Journalist Hamish Rutherford reported on Mr Mallard’s objections at the weekend, as well as on a report by Wellington consultancy TDM that showed Tranzit’s contracts are actually likely to be better for drivers with less than five years experience although not as favourable for drivers with greater than 10 years service. This disregard for experience was one of Mr Mallard’s beefs on behalf of drivers.
Separately bus operators copped more bad press recently, beginning with a story on Monday 2 July about South Wellington Intermediate School students, under the print edition headline of ‘Students told to get off the bus’.
And on Saturday, it was reported that three pupils from Lower Hutt’s San Antonio school, aged between 7 and 9, have written to Metlink about poor treatment by drivers on their school bus route under new operator NZ Bus. Incidents referred to included refusals to pick students up and forcing a pupil off the bus, through to drivers shouting at students and parents.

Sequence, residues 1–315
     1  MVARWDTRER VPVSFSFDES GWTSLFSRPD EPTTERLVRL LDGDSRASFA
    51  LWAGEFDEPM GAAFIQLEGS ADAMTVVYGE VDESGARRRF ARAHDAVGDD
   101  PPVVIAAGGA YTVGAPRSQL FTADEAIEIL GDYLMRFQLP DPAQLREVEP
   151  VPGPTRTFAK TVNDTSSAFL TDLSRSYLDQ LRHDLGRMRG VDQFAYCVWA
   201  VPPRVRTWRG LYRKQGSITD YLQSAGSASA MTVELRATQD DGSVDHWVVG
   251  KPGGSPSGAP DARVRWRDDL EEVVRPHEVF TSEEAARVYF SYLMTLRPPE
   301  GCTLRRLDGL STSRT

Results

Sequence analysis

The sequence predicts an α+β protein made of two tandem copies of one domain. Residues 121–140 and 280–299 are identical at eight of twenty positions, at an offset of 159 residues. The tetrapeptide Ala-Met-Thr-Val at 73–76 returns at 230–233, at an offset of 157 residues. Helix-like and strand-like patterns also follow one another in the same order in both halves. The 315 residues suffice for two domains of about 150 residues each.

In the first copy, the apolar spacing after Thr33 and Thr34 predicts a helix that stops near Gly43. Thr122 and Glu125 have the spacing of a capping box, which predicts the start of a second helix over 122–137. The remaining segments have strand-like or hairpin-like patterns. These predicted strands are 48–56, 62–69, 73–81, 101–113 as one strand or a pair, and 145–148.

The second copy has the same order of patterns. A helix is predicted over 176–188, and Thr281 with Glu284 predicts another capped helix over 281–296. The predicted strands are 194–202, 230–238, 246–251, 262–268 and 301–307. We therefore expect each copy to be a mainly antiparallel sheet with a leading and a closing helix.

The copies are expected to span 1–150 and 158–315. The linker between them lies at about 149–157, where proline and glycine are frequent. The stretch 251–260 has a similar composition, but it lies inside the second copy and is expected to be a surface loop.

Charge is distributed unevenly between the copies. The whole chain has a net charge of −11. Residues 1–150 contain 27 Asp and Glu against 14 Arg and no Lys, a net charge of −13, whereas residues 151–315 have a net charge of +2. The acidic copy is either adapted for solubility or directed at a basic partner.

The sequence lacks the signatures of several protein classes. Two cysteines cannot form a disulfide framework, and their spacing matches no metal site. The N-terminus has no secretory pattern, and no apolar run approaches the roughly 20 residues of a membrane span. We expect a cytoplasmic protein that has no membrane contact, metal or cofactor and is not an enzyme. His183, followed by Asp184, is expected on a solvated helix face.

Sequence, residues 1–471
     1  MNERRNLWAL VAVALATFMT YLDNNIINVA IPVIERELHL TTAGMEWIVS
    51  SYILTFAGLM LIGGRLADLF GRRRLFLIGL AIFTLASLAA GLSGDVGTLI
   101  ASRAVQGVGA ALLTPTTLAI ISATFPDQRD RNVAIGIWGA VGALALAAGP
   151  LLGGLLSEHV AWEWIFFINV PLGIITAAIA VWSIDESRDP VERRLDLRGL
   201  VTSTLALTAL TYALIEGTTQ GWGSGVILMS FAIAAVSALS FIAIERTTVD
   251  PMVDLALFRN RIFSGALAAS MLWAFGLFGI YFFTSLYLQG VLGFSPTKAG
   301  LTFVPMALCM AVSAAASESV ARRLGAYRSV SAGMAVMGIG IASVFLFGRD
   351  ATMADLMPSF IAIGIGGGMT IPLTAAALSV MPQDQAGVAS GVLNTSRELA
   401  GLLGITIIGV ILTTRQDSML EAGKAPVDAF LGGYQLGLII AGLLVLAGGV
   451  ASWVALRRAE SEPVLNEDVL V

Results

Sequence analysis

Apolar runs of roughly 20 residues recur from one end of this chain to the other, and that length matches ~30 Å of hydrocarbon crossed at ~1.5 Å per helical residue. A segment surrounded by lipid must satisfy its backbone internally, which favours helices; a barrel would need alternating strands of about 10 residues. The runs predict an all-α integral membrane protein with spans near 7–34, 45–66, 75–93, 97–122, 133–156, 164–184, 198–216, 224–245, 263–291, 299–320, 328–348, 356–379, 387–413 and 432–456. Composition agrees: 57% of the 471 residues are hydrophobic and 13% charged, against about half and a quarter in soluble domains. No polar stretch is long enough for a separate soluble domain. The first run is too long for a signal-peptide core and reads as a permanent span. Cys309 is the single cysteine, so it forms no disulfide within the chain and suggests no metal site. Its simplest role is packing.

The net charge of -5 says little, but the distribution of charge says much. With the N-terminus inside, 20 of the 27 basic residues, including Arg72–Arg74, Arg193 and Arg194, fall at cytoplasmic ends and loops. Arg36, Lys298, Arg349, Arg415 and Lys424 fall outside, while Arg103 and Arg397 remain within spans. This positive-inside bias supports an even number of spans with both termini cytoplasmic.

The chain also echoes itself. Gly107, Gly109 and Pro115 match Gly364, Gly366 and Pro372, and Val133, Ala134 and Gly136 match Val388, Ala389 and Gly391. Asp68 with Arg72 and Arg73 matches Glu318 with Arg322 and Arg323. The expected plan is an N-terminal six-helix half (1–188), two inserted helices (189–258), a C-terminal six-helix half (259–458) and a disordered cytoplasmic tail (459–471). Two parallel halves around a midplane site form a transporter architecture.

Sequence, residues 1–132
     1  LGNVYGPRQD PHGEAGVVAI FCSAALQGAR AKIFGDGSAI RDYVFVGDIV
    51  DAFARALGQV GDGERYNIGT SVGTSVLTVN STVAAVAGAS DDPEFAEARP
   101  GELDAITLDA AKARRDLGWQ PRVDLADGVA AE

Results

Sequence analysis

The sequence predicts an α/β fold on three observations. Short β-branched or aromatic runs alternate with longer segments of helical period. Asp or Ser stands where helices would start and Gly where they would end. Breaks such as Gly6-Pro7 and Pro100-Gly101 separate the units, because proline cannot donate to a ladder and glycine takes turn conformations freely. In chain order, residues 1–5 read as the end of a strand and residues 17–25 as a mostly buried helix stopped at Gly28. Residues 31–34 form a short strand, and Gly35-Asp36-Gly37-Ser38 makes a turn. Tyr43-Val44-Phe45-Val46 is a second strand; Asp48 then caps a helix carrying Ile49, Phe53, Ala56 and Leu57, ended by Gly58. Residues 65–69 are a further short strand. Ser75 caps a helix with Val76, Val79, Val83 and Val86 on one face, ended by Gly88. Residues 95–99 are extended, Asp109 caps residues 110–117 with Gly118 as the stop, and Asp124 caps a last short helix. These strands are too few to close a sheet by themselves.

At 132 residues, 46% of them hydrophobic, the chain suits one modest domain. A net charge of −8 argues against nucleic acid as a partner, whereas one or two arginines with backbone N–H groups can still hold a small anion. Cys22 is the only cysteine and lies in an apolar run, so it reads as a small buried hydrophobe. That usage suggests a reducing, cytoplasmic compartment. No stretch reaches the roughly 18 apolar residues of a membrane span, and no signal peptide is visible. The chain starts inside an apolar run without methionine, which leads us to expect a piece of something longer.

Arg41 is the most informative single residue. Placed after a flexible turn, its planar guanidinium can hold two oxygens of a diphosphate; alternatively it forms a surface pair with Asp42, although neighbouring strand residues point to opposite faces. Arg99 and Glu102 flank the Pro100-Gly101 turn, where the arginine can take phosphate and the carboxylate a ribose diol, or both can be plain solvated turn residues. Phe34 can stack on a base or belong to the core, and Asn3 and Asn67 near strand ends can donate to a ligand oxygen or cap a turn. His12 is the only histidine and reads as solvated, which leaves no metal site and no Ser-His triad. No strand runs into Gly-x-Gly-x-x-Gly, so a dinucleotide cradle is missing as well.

An initial response to the DomPost was handled by Metlink. Why Metlink and not NZ Bus? NZ Bus told journalist Matthew Tso that it’s a contractual condition that they can’t talk to the media without Metlink approval.
No one is saying that being a bus driver is an easy job. Indeed journalist Amanda Cropp put the perils of being a bus driver into high relief in a feature article about a rise in serious bus crashes published by the Sunday Star-Times.
As Cropp reported, using Ministry of Transport (MOT) figures, in 2017 there were 161 serious bus crashes resulting in casaulties – 25 of them in Wellington. And yet MOT’s mobility and safety manager told Cropp that the numbers are too small to indicate any trends.